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Oct 3, 2017 12:48 PMPublication: The East Hampton Press & The Southampton Press

'Get Out' Producer Sean McKittrick Will Join Others For 'Anatomy Of A Scene' At HIFF

Daniel Kaluuya, center, in a scene from
Oct 3, 2017 12:56 PM

One of the most successful films of 2017 made over $250 million at the global box office, led people around the world to film themselves running toward a camera for a social media trend, and miraculously captured a blend of bone-chilling tension and timely social commentary. And it all started more than three years prior when Jordan Peele and Sean McKittrick grabbed coffee.

Speaking over the phone on Friday, film producer Mr. McKittrick talked about how he and his production company, QC Entertainment, came across Mr. Peele and his pitch for “Get Out.” Released this past February, Mr. Peele’s directorial debut satirizes modern racism while keeping audience members on the edge of their seats. The Hamptons International Film Festival will honor one of the most critically acclaimed movies of the year with the Anatomy of a Scene panel on Sunday, October 8, at Bay Street Theater in Sag Harbor, detailing the film’s themes and construction.

The meeting over coffee came after Mr. McKittrick produced a film with Keegan-Michael Key, who famously partnered with Mr. Peele for the hit sketch comedy show “Key & Peele.” Mr. McKittrick said that when Mr. Peele pitched the idea for “Get Out” to him, he had one reaction:

“Oh my God, we have to make that movie!”

Mr. McKittrick is no stranger to dark tales of modern America: He was a producer of cult hits such as “Donnie Darko” and “Southland Tales.” He said he has a certain criteria for backing movie projects.

“The first thing I ask myself when I see a project is, ‘Have I seen this before?’” he said. “I don’t want to make a different variation of the same genre of movie in theaters every week.”

Mr. McKittrick said that QC Entertainment was originally set to finance the entire movie after Mr. Peele finished the script two years ago. However, Mr. McKittrick said that after Mr. Peele mentioned in an interview that he was making a racially themed horror film, QC Entertainment started getting calls from Blumhouse Productions, the studio behind recent horror movie hits including the “Paranormal Activity” franchise and M. Night Shyamalan’s “Split.” After Blumhouse Productions read the script for “Get Out,” Mr. McKittrick said that QC and Blumhouse entered into a “50/50 collaboration” on putting the film together. He added that Universal Studios then came in to completely fund and distribute the movie.

Mr. McKittrick said that it took 24 days to shoot “Get Out,” and when he visited the set to see the progress, the filming was “perfect.”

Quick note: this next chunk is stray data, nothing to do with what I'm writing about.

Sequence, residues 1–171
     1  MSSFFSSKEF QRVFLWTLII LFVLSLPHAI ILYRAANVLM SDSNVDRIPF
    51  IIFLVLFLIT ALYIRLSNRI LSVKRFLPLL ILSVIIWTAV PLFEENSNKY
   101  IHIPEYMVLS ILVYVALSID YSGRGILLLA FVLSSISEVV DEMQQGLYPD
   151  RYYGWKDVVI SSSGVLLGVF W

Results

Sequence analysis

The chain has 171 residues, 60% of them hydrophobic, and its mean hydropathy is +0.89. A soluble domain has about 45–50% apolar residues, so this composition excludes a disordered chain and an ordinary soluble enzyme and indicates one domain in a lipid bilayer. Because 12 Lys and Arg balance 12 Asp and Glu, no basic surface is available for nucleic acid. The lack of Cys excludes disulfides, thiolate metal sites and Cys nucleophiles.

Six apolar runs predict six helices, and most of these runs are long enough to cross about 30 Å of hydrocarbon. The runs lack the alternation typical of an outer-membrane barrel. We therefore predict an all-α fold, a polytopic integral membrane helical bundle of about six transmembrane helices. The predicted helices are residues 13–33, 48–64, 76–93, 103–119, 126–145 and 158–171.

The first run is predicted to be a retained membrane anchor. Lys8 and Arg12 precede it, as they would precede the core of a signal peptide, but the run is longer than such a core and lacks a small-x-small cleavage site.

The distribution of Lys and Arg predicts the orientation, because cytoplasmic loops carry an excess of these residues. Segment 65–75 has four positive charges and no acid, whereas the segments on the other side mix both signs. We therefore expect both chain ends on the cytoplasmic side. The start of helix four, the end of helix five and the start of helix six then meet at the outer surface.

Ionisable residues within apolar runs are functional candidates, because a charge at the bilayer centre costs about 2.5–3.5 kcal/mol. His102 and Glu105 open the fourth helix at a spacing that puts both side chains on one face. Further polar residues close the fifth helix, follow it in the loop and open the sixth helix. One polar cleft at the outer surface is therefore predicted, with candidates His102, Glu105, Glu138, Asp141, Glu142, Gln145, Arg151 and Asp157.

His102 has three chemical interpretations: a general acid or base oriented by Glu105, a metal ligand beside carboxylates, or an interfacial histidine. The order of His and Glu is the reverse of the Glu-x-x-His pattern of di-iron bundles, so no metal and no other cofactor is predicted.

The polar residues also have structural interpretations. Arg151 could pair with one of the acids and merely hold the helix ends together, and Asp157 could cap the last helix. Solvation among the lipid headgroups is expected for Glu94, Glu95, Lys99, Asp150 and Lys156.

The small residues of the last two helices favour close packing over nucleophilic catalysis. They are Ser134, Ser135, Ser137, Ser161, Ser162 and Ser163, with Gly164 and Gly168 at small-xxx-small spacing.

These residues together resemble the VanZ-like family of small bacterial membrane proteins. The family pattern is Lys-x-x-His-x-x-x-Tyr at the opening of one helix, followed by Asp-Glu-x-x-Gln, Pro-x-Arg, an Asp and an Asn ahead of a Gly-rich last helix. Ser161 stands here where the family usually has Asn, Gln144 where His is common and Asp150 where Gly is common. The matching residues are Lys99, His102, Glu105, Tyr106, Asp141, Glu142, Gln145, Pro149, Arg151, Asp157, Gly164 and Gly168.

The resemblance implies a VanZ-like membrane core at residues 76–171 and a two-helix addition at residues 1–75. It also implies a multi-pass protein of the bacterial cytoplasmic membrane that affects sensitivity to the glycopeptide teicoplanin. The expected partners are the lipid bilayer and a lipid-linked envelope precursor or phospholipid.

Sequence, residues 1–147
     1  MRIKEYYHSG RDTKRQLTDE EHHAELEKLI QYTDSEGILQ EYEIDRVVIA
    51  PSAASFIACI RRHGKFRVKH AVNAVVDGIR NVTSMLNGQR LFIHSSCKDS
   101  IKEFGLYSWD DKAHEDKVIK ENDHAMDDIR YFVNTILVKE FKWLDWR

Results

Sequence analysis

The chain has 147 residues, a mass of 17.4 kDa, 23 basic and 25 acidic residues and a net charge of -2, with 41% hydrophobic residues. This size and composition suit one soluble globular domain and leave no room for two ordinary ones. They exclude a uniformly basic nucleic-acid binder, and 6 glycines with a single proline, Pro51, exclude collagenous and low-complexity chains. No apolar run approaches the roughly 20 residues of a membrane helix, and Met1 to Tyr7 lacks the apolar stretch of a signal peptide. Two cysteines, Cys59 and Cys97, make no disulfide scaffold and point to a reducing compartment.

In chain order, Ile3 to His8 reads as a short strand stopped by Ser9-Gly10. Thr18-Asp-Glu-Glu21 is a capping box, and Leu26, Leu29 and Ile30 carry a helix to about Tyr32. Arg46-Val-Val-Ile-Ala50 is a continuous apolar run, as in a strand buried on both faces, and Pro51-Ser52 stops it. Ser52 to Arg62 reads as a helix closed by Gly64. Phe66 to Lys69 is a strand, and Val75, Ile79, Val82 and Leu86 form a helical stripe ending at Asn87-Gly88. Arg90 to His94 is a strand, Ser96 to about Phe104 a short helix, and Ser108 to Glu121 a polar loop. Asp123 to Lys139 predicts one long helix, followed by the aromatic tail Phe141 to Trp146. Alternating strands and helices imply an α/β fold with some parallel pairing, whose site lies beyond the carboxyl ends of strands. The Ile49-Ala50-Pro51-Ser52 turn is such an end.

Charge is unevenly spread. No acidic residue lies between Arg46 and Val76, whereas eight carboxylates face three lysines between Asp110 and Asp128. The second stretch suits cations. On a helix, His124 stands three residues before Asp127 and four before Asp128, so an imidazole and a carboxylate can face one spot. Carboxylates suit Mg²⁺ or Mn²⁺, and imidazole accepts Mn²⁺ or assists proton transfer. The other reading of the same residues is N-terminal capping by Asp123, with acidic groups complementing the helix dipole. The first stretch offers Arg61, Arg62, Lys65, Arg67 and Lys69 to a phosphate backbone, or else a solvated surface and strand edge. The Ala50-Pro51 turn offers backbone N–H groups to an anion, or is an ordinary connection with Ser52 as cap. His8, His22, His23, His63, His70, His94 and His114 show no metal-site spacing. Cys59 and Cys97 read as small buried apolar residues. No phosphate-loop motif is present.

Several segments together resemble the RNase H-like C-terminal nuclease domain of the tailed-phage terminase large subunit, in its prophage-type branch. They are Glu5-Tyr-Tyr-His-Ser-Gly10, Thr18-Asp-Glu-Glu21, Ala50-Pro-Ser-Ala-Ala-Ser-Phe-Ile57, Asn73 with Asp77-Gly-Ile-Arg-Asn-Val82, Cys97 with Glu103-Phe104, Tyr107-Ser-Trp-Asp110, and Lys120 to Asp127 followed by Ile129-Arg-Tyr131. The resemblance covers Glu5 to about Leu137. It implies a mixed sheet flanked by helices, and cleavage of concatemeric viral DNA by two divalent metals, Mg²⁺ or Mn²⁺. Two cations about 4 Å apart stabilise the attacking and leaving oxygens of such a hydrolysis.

“Jordan had complete control and, as a person, he’s a great guy and made it such a special project,” he added. “You could see that people really cared about this. Jordan’s control of storytelling was a fun and open process. We knew that we were making something special.”

Mr. McKittrick said that there were concerns that critics and audiences might not understand what the movie’s true intention was.

“We had talked through concerns about how audiences would perceive the film and the thought of people not getting it was lingering, but that’s what drove Jordan,” he said. “We wanted to keep it open and honest, and didn’t want to go demonizing anybody.

“We always worry about how critics will react. Sometime the reviews can be predicted and other reviews can be wrong. It’s hard to quantify. The movie was released at a time when the world was shifting politically and I think this movie helped people’s perception change.”

That openness has certainly paid off for the movie, with Stephanie Zacharek of Time magazine calling it “extraordinary” and “inventive,” while Joe Morgenstern of The Wall Street Journal called it “Black, White and Terrific All Over.” Audiences have even taken to creating the “Get Out Challenge” on social media, in which participants run aggressively toward a camera before splitting off, mimicking a scene from the movie. Mr. McKittrick called the movie’s runaway success “the greatest thing ever.”

“It’s the most fun I’ve had in 20 years in this industry,” he added. “Seeing Steph Curry doing the ‘Get Out Challenge’ on the court and witnessing that was great. Jordan and I would say, ‘If you could catch a wave that everyone’s talking about, it’s incredible.’”

Both producer and director will be busy in the coming future. Mr. McKittrick said that QC Entertainment, Mr. Peele, and Blumhouse will produce writer/director Spike Lee’s next film which, according to The Hollywood Reporter, will tell the story of African-American police detective Ron Stallworth who infiltrated and sabotaged a Ku Klux Klan chapter in Colorado Springs, Colorado in the late 1970s.

Mr. McKittrick said he certainly sees the impact “Get Out” has had, especially on moviegoers.

“It’s changed our business because people are more excited to look at movies that they haven’t seen before.”

Anatomy of a Scene, moderated by Indiewire’s Eric Kohn, will include Jordan Peele, fellow “Get Out” producers, Jason Blum and Sean McKittrick, and stars, Daniel Kaluuya and Allison Williams. The conversation takes place Sunday, October 8, at 5 p.m. at Bay Street Theater in Sag Harbor. Admission is $30. Visit hamptonsfilmfest.org.

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